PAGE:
Tasmanian Times

The individual has always had to struggle to keep from being overwhelmed by the tribe. If you try it, you will be lonely often, and sometimes frightened. No price is too high for the privilege of owning yourself. ~ Friedrich Nietzsche

The individual has always had to struggle to keep from being overwhelmed by the tribe. If you try it, you will be lonely often, and sometimes frightened. No price is too high for the privilege of owning yourself. ~ Friedrich Nietzsche

Media Release

New buses enter the Launceston fleet

The first of 100 new buses has now entered the Metro fleet in Launceston as part of the single biggest public transport investment in Tasmania’s history.

The $31 million Government investment has created 26 jobs in the state’s north-west and added to the region’s growing reputation for high-quality advanced manufacturing.

The new buses will be environmentally friendly and more comfortable for commuters, with air-conditioning and low floors that meet the Disability Discrimination Act.

The buses are scheduled to roll out at a rate of one new bus every seven to eight working days, with 13 of the new models already in service in Hobart.

The Hodgman Liberal Government is building the infrastructure Tasmania needs for the future, and the 100 new buses will provide Tasmania with a sustainable public transport system both now and well into the future.

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  1. philll Parsons

    October 22, 2018 at 6:23 am

    Halton should go to Adelaide for an electric bus made-in-Oz experience.

    No one is advocating the end of the car or van or truck, but a change of fuel is essential and we have to begin moving on that to avoid a climate catastrophe. For an article on electric buses have a read of it Robin. It does wonders for broadening the horizon.


  2. Rob Halton

    October 21, 2018 at 9:42 am

    Tasmania is a small place in terms of population consistency and where population centres are scattered. This will remain the case as there is little attraction to “mass” population growth into city areas.

    The car, and for that matter the delivery van and heavy transport trucks, all with their limitless flexibility despite rising fuel prices, will remain as the “Kings of the Road” into the foreseeable future!

    These facts are the facts of life by living on the modern planet where sensible car ownership is the main key to flexibility for the majority of mainstream users.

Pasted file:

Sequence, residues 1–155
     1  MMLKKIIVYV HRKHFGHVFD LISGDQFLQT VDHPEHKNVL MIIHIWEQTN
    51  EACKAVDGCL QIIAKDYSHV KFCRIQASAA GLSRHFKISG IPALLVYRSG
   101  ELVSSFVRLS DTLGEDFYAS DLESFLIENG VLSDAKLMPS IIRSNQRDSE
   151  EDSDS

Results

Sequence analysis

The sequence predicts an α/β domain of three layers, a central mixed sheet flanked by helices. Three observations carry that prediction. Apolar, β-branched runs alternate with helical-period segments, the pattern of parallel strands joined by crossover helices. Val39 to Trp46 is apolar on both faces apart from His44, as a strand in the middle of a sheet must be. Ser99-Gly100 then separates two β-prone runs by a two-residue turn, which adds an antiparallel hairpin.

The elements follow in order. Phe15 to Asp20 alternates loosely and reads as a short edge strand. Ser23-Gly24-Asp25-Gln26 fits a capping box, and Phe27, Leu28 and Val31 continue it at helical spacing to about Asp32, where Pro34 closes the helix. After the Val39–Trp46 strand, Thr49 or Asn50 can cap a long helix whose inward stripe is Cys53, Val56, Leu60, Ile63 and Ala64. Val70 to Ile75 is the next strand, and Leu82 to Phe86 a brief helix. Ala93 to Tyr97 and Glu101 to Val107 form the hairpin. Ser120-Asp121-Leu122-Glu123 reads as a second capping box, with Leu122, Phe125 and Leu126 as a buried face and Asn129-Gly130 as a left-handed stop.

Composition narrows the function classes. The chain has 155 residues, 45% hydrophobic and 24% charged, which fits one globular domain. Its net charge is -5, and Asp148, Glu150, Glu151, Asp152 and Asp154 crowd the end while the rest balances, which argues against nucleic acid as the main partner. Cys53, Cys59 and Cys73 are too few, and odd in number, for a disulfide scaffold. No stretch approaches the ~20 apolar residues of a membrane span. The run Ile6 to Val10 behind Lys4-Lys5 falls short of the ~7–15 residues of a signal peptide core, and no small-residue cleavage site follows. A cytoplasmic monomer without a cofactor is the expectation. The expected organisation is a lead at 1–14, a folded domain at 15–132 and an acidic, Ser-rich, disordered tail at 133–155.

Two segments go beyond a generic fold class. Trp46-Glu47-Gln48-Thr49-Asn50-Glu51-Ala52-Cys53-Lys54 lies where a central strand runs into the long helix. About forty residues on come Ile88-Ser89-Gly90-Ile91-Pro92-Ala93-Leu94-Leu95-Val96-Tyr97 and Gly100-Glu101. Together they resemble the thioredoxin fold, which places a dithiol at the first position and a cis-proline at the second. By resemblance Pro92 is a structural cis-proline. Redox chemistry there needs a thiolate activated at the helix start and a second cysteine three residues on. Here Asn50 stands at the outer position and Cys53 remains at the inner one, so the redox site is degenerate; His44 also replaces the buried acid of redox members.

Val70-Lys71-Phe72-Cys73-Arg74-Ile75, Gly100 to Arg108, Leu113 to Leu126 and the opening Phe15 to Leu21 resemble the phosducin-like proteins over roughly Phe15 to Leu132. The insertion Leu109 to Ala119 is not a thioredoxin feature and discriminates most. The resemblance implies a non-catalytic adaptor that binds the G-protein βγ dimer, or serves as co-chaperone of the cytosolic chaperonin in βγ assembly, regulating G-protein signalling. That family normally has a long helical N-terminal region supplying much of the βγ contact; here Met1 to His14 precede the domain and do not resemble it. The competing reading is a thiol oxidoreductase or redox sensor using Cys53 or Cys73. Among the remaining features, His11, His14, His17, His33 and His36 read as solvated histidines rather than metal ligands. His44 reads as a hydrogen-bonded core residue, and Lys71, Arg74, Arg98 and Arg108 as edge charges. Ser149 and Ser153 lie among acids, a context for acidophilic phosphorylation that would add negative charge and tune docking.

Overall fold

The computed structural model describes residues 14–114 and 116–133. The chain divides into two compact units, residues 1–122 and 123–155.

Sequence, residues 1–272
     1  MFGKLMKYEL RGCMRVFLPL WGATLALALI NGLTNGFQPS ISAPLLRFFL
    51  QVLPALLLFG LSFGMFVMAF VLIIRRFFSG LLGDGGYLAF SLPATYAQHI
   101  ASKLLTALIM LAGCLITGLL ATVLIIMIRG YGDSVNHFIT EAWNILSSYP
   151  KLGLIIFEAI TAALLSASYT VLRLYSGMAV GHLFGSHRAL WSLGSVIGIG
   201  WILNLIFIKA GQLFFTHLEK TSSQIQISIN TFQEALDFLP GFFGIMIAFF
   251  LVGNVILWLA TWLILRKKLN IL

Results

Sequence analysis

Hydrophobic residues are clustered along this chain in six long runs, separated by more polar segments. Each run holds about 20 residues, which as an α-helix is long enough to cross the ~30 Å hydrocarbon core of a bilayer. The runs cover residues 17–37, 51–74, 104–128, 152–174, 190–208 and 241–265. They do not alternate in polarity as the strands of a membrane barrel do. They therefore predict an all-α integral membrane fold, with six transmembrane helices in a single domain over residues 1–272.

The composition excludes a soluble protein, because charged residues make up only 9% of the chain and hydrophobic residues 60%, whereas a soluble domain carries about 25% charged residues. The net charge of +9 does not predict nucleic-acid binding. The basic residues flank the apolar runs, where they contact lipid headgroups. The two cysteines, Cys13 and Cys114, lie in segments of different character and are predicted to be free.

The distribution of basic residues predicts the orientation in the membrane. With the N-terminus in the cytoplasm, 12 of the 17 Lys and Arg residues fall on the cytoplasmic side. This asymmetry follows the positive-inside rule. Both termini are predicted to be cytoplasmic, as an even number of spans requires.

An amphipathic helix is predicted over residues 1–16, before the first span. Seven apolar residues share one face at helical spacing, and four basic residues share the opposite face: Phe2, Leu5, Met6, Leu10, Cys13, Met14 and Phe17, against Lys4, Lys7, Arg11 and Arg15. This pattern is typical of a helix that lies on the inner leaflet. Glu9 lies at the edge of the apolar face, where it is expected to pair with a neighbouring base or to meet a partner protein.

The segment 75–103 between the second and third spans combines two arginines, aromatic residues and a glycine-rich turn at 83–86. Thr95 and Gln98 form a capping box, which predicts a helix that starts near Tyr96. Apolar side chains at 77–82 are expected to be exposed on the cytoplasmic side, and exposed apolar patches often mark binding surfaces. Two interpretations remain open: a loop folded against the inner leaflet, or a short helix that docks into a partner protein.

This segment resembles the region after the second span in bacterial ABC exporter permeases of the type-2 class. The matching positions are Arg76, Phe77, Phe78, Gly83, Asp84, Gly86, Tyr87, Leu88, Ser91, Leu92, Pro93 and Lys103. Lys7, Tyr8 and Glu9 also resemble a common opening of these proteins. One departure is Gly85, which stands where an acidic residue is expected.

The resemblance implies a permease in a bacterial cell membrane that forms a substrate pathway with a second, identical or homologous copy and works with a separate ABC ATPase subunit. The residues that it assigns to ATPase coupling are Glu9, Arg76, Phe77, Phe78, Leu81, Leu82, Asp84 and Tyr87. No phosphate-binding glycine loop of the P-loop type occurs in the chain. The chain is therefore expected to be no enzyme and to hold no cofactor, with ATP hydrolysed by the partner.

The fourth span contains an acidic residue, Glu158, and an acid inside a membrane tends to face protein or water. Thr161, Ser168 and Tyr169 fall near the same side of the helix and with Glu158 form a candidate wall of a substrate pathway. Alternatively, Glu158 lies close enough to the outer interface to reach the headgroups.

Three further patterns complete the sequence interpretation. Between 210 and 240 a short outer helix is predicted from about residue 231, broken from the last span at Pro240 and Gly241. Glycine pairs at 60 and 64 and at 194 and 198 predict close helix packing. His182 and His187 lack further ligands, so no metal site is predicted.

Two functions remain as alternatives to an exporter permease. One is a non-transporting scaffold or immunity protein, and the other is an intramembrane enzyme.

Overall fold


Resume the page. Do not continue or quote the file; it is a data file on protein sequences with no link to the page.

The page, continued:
The question of electric buses for Australia has never been studied to the best of my knowledge, but if so, where were they being “trialed” and in which cities?

    I would support the widespread use of electric trains for shifting masses of people and heavy cargoes, but that does not apply to Tasmania one iota.

    Trams are out. Currently Light Rail is not viable either, and the introduction of ferries might be marginal too, offering insufficient flexibility for commuters who are not about in mass numbers!

    If the new bus fares remain the same as at present the uptake of users will not increase. Special fare structures may have some temporary influence on potential users, but the problem for Tasmania in nearly all cases is that the Car is in control of people’s movements … and there is little to change that!

    The State government needs to invest in either a tunnel under Hobart or a bypass behind the city to move traffic away from Davey and Macquarie St, particularly now as major developments are attracted to the Southern region. Hodgman has to change his sleeping-on-the-job pattern far from just imagining that the construction a specific new bus lanes on the Southern Outlet will fix the problem. It won’t!

    Palling up with the Morrison government for new infrastructure, and a grant for a project of State Significance, a Hobart Tunnel or City Bypass is the only way to go.

    It’s a sorry time for the fools in government who are to stubborn and who can’t see the daylight even when the sun shines on most days!

  3. Ted Mead

    October 20, 2018 at 9:23 pm

    Phil – I was disappointed to find that electric buses were not part of the Launceston transport plan. Hobart was supposed to introduce a new fleet of electric buses sometime soon. Maybe the wheels have literally fallen off that proposal also.

    If we had any credibility in this state regarding renewable energy we would be following what’s happening with the public bus transport system in China.

    I’m sure Barnett and the Libs are seriously looking at how to propel a state-wide bus fleet using woodchips as the fuel source of the future!

  4. philll Parsons

    October 20, 2018 at 5:42 am

    With the IPCC’s latest report painting a grim picture of the future, I feel entirely vindicated in recommending electric buses.

    Of the 100 buses, none are electric and none are made in Tasmania. The Liberals from every level of government behave like deniers whilst mouthing platitudes about action on the climate to fool as many voters as they can. They did not even get one electric bus to trial.

    Soon it will be hydrogen as a fuel, so let’s hope there is a retrofit of the fleet or a new fleet which will be bought in a few years .. although the 12 year horizon will have passed and, along with the Rest of the World, the impacts will be clear and costing.

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